J. L. BELL is a Massachusetts writer who specializes in (among other things) the start of the American Revolution in and around Boston. He is particularly interested in the experiences of children in 1765-75. He has published scholarly papers and popular articles for both children and adults. He was consultant for an episode of History Detectives, and contributed to a display at Minute Man National Historic Park.

Follow by Email


Sunday, June 23, 2013

The English Prize: Quite a Capture

The English Prize: The Capture of the Westmorland, an Episode of the Grand Tour is a lavish, oversized, and no doubt highly priced art book. (I found a copy at my local library.) It’s unusual in that it catalogues not the work of a particular artist, school, or period, but the collecting activity of a particular class of people at a particular time, preserved by chance like Pompeii or Wolstenholme Town or some other archeological site preserved all of a piece and precisely dated.

The story of this collection began with the Grand Tour, an almost necessary part of the education of male English aristocrats in the late 1700s. Young gentlemen such as Francis Bassett (1757-1835), inheritor of copper mines in Cornwall, and George Legge, Viscount Lewisham (1755-1810), eldest son of the Earl of Dartmouth, would travel to Italy in the company of a mentor, described variously as a tutor, governor, companion (so as to allow him entry into the top social events), or “bear leader.” There the young aristocrats would socialize with others of the same class while studying art, fencing, language, and other genteel skills.

It was common for those Tourists to have their portraits painted, and some Italian artists, such as Pompeo Batoni, specialized in such commissions. They had a variety of poses and motifs available for choosing, showing the young man holding a map of Italy or standing in front of ruins so no one could miss the point that they were now cultured. Some of the more aesthetically ambitious Tourists would buy other artwork, classical artifacts, books, and other cultural items to ship home.

Dozens of chests from such young men, including Bassett and Lewisham, were loaded onto the English ship Westmoreland in the port of Livorno (Leghorn) in 1779. Then came news that the French and Spanish had declared war on Britain, turning what had been a civil war within the British Empire into a worldwide conflict. The captain of the Westmoreland armed his ship with cannon and obtained a letter of marque, allowing him to capture French and Spanish ships as a privateer.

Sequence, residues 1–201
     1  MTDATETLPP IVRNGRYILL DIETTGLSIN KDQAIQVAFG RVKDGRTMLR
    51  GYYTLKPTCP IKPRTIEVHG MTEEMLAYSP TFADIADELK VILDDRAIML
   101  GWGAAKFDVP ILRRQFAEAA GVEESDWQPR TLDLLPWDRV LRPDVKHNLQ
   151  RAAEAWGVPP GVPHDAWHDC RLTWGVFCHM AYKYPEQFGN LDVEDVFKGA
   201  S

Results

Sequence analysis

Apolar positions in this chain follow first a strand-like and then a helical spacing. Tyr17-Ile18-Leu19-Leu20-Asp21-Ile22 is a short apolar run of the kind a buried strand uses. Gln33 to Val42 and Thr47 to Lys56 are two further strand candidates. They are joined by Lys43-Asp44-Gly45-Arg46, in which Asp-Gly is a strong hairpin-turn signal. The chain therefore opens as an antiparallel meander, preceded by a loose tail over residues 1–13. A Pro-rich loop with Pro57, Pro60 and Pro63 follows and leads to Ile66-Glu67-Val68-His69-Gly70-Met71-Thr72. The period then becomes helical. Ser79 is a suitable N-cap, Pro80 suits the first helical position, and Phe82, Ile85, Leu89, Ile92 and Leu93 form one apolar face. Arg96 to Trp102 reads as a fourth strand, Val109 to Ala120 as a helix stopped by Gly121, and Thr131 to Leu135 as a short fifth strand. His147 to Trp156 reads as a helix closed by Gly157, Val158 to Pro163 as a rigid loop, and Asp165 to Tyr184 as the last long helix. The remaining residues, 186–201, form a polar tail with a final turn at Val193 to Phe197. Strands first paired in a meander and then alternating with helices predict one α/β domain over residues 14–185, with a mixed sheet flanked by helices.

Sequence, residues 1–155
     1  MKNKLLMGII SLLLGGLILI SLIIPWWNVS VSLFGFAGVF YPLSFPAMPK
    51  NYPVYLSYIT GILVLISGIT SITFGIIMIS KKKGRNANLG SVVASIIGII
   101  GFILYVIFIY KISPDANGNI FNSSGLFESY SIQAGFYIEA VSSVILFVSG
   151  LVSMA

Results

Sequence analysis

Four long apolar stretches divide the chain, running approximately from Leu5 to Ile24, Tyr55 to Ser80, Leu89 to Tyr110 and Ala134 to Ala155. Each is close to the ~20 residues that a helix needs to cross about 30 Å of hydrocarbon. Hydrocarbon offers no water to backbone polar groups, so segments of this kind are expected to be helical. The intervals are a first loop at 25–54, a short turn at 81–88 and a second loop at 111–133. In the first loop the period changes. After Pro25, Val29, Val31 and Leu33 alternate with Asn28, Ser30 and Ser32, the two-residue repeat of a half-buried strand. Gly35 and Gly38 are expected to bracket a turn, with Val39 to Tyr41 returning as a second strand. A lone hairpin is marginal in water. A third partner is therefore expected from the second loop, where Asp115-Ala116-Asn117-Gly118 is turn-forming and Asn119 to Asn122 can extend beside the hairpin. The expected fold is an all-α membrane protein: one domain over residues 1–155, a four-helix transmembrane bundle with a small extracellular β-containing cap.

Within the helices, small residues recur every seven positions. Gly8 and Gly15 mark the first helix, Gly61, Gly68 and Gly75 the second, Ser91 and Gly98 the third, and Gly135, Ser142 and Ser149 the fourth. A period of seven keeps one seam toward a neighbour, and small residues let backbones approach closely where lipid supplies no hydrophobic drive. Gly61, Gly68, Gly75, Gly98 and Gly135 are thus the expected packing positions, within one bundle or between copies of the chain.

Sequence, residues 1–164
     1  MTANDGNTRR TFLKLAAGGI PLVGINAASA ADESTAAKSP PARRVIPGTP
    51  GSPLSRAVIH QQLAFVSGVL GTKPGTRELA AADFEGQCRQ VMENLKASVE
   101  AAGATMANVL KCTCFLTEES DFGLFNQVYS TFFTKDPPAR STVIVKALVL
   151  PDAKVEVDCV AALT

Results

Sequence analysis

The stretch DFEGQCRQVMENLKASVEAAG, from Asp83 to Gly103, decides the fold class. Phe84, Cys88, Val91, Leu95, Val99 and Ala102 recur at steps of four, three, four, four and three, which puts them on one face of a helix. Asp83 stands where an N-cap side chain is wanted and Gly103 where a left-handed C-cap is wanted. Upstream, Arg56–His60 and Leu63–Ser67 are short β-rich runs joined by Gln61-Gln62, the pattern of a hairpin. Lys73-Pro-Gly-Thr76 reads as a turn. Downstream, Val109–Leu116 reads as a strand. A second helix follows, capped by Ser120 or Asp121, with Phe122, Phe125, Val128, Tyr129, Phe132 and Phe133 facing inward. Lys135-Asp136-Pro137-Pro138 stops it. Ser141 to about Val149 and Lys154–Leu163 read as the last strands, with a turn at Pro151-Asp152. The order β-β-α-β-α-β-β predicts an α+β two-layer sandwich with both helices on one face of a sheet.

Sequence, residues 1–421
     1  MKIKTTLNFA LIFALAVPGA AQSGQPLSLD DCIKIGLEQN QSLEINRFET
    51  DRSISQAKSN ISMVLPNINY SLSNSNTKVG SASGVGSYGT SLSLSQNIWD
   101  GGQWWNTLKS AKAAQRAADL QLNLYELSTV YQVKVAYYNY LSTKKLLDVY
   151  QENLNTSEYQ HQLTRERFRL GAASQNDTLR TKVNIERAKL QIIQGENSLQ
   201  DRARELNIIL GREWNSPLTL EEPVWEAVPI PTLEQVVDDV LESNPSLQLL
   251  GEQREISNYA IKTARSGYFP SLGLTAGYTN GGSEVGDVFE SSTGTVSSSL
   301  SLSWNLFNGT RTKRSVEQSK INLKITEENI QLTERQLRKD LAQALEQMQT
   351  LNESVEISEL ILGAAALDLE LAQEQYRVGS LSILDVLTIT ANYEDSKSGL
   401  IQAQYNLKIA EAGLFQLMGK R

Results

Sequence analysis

At first this worked out well. The Westmoreland took a French cargo vessel. Then the tables turned, and two French ships stopped the Westmoreland in the eastern Mediterranean. The ship was sent to the Spanish port of Malaga, its perishable goods sold and its passengers exchanged. For four years the rest of the cargo sat in a warehouse.

With the arrival of peace in 1783, some of the British art patrons began to ask for their goods. Meanwhile, the Spanish prime minister learned about the captured artwork and decided to obtain the best pieces for King Carlos III and most of the rest for the new Real Academia de Bellas Artes de San Fernando in Madrid. Most of the English prize’s cargo thus remained in Spanish state museums.

Fortunately, because of the legalities of condemning those goods and good archival work by the institutions involved, there’s a very good record of what items came from what chests in that English prize. Further research allowed the scholars behind this book to locate correspondence connected with some of those works, especially the portraits, with individual Britons. The result was an exhibit and this book, capturing almost completely a moment in the collecting of British Tourists in 1779.

Personally, I’m not taken with the eighteenth century’s depictions of mythological subjects and landscapes, but I like most of the portraiture, and this book has a lot of it, in both painting and sculpture. The front cover shows Batoni’s portrait of young Bassett, leaning against a statue with a map of Rome in his hand. (How cultured!)

Bassett tried for years to get that painting back from Spain, and may even had commissioned a Spanish artist to make a copy. But Britain and Spain kept going to war against each other, so his portrait remained at the Real Academia, identified simply as a “Young Man” until the research behind this book connected all the dots.

No comments: